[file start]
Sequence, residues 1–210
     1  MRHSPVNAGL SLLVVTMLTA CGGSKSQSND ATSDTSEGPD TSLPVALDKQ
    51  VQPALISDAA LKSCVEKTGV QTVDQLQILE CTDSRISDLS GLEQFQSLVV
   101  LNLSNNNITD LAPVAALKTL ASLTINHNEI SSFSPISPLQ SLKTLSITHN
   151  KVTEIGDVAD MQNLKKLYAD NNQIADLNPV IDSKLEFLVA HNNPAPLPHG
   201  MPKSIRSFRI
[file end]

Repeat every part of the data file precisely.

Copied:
Sequence, residues 1–210
     1  MRHSPVNAGL SLLVVTMLTA CGGSKSQSND ATSDTSEGPD TSLPVALDKQ
    51  VQPALISDAA LKSCVEKTGV QTVDQLQILE CTDSRISDLS GLEQFQSLVV
   101  LNLSNNNITD LAPVAALKTL ASLTINHNEI SSFSPISPLQ SLKTLSITHN
   151  KVTEIGDVAD MQNLKKLYAD NNQIADLNPV IDSKLEFLVA HNNPAPLPHG
   201  MPKSIRSFRI